Aaron’s Top 5 PS5, PS4 Games from 2021

Our individual Game of the Year articles allow our lovely team of writers to share their own personal PS5 and PS4 choices for 2021. Today it’s video editor Aaron Potter’s turn.


Toem takes the simple idea of ​​photography and absolutely runs with it, letting you explore multiple diorama-like worlds as part of a healthy tale of growing up. That’s exactly what I wanted from a low-key indie this year, boasting a laid-back pace that is incredibly refreshing and a range of colorful characters that made me believe further in this supernatural place. It’s a game that really understands how life’s journey so often is not about the destination, but rather the friends and experiences you enjoy along the way. Which all represent a particular snapshot in time.


After the absolute disaster that was Marvel’s Avengers, I do not think I was the only one who did not have much hope for Eidos Montreal’s Guardians of the Galaxy game. Imagine my surprise to hear that Starlord and the band’s intergalactic journey was not just good, but truly amazing. The fight was simple but fun, all five Guardians were surprisingly well realized, and it was all wrapped up in a powerful cinematic adventure that truly demonstrates the benefits of writing in a single-player campaign. It does not matter that you only control Starlord, because everyone else stays with you every step of the way.


After growing up with PlayStation’s infamous Lombax and robot duo, I had high hopes that Ratchet & Clank’s first original adventure since 2013’s Into the Nexus would not disappoint. Fortunately, this PlayStation 5 show title turned out to be better than even I expected, introducing many more characters that I can not wait to see return, and offering one of the most creative arsenals the series has seen yet. . Ratchet & Clank: Rift Apart proves that there is room for 3D action platform players in the modern gaming landscape. I hope this is not the last we’ve seen of them on PlayStation 5.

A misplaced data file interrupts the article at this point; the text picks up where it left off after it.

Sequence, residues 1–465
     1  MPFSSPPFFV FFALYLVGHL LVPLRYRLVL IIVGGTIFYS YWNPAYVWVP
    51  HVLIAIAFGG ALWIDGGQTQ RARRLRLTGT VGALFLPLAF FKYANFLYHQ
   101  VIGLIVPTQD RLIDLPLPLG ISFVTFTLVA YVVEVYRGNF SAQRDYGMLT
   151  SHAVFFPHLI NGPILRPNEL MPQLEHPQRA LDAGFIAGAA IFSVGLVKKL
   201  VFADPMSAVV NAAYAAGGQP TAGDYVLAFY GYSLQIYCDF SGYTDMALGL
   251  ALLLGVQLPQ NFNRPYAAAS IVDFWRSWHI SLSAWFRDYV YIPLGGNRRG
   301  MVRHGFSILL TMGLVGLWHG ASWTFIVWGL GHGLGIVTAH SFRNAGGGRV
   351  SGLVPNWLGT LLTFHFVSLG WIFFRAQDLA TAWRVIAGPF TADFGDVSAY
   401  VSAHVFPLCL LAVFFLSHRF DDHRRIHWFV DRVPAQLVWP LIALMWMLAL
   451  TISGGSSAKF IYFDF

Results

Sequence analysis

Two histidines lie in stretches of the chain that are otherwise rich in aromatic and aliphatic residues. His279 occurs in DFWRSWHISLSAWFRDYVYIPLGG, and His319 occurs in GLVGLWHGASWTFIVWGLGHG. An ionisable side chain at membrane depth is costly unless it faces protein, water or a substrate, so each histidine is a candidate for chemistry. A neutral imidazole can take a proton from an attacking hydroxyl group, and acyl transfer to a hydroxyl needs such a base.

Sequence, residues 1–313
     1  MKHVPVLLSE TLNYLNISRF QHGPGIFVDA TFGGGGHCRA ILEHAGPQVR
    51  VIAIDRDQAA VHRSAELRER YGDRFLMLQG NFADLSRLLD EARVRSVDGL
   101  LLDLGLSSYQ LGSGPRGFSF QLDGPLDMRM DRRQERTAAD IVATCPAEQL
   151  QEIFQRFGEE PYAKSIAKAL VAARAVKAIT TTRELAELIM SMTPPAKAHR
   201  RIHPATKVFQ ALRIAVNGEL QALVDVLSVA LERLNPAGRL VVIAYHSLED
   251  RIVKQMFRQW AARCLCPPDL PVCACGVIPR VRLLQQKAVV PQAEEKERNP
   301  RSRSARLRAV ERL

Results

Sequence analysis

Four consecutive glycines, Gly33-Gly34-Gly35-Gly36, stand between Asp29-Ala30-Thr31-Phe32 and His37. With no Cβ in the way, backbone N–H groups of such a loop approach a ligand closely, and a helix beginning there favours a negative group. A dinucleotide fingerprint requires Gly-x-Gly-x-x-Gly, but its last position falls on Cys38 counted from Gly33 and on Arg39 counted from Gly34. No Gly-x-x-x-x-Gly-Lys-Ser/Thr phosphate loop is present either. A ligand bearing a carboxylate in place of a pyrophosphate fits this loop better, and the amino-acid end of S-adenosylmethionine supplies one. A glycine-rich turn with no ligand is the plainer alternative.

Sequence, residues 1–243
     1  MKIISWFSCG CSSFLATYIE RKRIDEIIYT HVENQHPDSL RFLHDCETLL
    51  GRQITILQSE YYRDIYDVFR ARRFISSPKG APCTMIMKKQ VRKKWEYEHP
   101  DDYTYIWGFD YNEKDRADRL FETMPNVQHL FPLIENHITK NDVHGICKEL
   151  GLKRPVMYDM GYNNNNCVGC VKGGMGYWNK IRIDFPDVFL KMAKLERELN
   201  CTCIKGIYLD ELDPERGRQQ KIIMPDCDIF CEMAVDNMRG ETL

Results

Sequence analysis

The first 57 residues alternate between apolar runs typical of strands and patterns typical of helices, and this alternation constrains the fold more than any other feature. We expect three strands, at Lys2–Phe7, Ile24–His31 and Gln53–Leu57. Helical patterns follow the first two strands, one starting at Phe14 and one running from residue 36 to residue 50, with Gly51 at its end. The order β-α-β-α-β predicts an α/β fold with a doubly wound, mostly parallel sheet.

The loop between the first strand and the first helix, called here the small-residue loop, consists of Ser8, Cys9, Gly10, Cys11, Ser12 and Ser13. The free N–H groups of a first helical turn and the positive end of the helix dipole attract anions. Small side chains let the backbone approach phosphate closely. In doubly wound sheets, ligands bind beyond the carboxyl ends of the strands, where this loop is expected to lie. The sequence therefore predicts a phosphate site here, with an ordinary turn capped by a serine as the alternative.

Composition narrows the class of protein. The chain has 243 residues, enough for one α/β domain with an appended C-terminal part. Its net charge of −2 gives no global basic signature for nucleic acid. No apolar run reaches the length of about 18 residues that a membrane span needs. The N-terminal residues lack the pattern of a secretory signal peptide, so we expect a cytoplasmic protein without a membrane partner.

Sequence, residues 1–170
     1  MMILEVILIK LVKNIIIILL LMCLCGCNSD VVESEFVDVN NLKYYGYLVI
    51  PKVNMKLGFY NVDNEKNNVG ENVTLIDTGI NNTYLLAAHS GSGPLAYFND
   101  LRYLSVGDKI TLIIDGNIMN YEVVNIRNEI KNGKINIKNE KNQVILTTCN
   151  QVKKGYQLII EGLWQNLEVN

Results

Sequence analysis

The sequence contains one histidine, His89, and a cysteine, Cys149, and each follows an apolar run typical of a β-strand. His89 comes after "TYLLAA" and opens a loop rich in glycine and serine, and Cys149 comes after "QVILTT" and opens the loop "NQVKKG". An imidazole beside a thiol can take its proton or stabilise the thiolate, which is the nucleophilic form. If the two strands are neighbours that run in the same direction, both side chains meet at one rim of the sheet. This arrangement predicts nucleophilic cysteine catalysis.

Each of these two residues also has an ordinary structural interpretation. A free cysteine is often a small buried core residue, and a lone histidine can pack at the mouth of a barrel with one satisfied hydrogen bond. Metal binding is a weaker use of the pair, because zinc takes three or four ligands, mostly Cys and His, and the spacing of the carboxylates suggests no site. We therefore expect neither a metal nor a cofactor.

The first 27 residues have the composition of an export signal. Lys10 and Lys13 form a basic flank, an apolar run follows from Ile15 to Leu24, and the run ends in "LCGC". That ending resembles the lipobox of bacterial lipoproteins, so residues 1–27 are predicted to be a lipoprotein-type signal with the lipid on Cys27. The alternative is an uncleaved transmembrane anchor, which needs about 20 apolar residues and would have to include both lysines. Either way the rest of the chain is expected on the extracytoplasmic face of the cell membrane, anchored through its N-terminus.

It did not take me too long to realize that Psychonauts 2 was really something special. Sure, even though the PS4 version does not benefit from the same level of visual upgrades as seen on other platforms, it did nothing to dampen the fun I had in this inventive brain-bouncing adventure. Raz ‘extended powerset always makes it an explosion to explore your fellow psychonaut’s mind, and it’s helped that each level contained always differs drastically in terms of theme and concept. Psychonauts 2 is a game made with true love; you can tell. Rarely have I ever played a game as witty or creative as this.


My love for Resident Evil: Village can be boiled down to how Capcom handled the game’s marketing. Pretty sensibly, it chose to show only the first 4 hours or so, leaving the rest of Ethan’s search for his missing daughter a complete surprise. It was so much better for it! Village is filled with some of the scariest sequences I have ever experienced in Resident Evil, but it also takes time to reconcile how ridiculous the situation is. As such, Resident Evil is the ideal mix of seriousness and camp I’ve always wanted – which is why it’s my game of the year.

What do you think of Aaron’s personal choice of Game of the Year? Feel free to accept or apologize in the comments section below.


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